The Persian Gulf has seen its fair share of war. No wonder: the gulf is geographically strategic, boasts the world’s largest single source of crude oil, and has a vibrant fishing industry. But another, more sinister, type of war has been brewing for the past 50 years. The war is a dispute over names, and it has Arabs and Persians in a tizzy.
Since the ’60s, Arabs have been complaining about Iran’s official stranglehold on naming rights to the gulf. They’ve offered “Arabian Gulf” instead of “Persian Gulf” in a gesture of compromise. The Iranians say that’s it’s always been named the Persian Gulf, so why change it now?
What’s not really surprising is that this kerfuffle has produced some petulant point of views. According to some in the know:
Iran only uses the term “Persian Gulf” and does not recognize the naming when it is referred to as “Arabian Gulf” or just the “Gulf.” Iran does not consider the latter an impartial usage, and views it as an active contribution to abandonment of the historical name. Foreign airlines which do not use the term “Persian Gulf” are banned from Iran’s airspace.
Very reasonable, I think. I’d rather be denied the chance to visit than denied the chance to leave.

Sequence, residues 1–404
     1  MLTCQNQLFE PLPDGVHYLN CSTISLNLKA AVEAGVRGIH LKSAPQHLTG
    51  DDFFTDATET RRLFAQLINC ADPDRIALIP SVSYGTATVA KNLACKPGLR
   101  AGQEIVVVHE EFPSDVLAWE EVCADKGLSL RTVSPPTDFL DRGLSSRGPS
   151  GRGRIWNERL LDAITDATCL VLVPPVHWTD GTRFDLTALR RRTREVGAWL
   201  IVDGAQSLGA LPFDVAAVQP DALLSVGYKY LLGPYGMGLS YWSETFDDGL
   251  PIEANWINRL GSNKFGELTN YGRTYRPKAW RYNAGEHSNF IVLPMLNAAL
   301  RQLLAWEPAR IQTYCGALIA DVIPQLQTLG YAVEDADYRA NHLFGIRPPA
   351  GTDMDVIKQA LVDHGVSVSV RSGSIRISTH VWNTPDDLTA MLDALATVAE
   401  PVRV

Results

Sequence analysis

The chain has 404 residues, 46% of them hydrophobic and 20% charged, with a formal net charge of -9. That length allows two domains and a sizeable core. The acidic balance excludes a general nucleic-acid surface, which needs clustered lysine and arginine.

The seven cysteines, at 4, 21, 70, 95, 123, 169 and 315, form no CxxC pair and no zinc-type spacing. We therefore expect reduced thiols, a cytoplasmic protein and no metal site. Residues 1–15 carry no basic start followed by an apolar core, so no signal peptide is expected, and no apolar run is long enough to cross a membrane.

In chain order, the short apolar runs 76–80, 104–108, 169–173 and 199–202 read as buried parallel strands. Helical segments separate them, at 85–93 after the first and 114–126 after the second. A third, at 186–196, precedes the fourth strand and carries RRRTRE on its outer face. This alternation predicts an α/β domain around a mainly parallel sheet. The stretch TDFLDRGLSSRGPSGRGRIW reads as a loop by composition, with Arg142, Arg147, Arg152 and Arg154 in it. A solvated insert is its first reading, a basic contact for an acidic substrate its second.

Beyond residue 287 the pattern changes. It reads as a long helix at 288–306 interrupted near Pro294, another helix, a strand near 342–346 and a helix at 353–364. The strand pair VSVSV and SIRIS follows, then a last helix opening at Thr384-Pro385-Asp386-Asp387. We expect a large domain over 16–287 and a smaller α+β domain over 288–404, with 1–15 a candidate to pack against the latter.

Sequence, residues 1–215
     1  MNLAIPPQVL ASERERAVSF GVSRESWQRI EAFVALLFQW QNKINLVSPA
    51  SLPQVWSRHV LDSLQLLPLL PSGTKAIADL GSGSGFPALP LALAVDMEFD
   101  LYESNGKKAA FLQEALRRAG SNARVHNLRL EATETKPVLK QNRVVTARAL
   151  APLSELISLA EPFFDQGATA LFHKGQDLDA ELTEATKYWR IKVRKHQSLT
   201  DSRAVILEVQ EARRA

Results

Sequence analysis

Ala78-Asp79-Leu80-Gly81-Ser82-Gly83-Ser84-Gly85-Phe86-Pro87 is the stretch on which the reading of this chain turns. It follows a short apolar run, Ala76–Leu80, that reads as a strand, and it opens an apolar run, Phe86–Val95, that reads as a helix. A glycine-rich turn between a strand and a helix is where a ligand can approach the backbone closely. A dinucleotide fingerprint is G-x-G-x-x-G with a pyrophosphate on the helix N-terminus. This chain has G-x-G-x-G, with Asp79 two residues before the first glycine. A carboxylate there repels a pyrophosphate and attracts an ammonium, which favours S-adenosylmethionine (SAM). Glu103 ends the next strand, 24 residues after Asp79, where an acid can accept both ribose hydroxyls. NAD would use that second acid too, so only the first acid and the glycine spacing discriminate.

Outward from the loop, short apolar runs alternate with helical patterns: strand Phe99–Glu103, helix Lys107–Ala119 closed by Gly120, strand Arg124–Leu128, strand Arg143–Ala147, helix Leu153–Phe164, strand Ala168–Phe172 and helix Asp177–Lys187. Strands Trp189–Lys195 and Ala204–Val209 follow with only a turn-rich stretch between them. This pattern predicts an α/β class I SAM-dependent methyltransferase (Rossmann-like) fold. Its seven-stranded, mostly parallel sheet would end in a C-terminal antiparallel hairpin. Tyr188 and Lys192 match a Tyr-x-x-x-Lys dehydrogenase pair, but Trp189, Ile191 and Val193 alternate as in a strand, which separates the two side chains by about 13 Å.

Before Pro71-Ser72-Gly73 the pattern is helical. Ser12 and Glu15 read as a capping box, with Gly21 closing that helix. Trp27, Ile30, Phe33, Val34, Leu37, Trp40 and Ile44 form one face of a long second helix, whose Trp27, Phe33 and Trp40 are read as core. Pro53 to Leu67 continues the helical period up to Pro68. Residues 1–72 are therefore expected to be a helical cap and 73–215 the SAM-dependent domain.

In Ireland, another contentious battle is being waged over squiggly lines put on paper. It’s between unionists and nationalists, and it has to do with a city called Derry/Londonderry. Nationalists want the city to be named “Derry,” while unionists prefer “Londonderry.” As you can imagine, in Northern Ireland, people take these shibboleths very seriously. For example, if you pass gas and your bum-whistle makes a wheezing squawk sound instead of a buccolabial pop sound, that’s a very, very bad thing because it means you’re unionist.
The Derry Journal broke wind on this story about a Canadian student being stymied after innocently asking about transportation to Derry/Londonderry:
[The Canadian student] had travelled to Belfast from Dublin on August 4, but her onward journey to Derry was held up when she enquired about bus times to the city, only to be told at the information desk of the Europa Bus Centre in Belfast that Derry “didn’t exist.”
What a cheeky concierge! I’ve told lots of people that Kansas didn’t exist, but it only ever worked on Americans, and I swear I was only looking out for their safety. (Some truths are just too painful.) A Canadian bamboozled, with their education and healthcare and fancy European languages! I tremble thinking of the indignorance of a duped American.
Still, some residents of Derry/Londonderry manage to find humor in the schism. Because of the common use of the backslash, or “stroke,” in the city’s name, some citizens have taken to calling it “Stroke City.” To me it conjures up images of elderly people tilting over. Ireland’s tourism bureau, however, has run with the unlikely pseudonym, unveiling a new slogan just in time for the summer uptick: “Come to Ireland. Stroke us for all we’re worth.”